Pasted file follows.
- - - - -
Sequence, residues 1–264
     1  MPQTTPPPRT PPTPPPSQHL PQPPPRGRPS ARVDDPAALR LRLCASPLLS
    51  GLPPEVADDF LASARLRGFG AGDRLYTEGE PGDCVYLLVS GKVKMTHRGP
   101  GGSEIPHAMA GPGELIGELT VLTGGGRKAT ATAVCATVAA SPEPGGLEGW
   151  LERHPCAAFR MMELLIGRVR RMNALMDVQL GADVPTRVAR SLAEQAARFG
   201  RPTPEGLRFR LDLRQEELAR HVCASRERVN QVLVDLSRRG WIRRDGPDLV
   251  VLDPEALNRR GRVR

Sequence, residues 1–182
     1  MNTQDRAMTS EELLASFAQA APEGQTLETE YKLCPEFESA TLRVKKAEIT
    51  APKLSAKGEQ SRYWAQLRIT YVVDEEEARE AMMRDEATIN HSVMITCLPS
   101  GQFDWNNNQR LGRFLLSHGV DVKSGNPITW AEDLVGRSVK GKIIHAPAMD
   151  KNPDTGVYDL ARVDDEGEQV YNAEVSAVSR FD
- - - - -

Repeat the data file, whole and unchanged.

Sequence, residues 1–264
     1  MPQTTPPPRT PPTPPPSQHL PQPPPRGRPS ARVDDPAALR LRLCASPLLS
    51  GLPPEVADDF LASARLRGFG AGDRLYTEGE PGDCVYLLVS GKVKMTHRGP
   101  GGSEIPHAMA GPGELIGELT VLTGGGRKAT ATAVCATVAA SPEPGGLEGW
   151  LERHPCAAFR MMELLIGRVR RMNALMDVQL GADVPTRVAR SLAEQAARFG
   201  RPTPEGLRFR LDLRQEELAR HVCASRERVN QVLVDLSRRG WIRRDGPDLV
   251  VLDPEALNRR GRVR

Sequence, residues 1–182
     1  MNTQDRAMTS EELLASFAQA APEGQTLETE YKLCPEFESA TLRVKKAEIT
    51  APKLSAKGEQ SRYWAQLRIT YVVDEEEARE AMMRDEATIN HSVMITCLPS
   101  GQFDWNNNQR LGRFLLSHGV DVKSGNPITW AEDLVGRSVK GKIIHAPAMD
   151  KNPDTGVYDL ARVDDEGEQV YNAEVSAVSR FD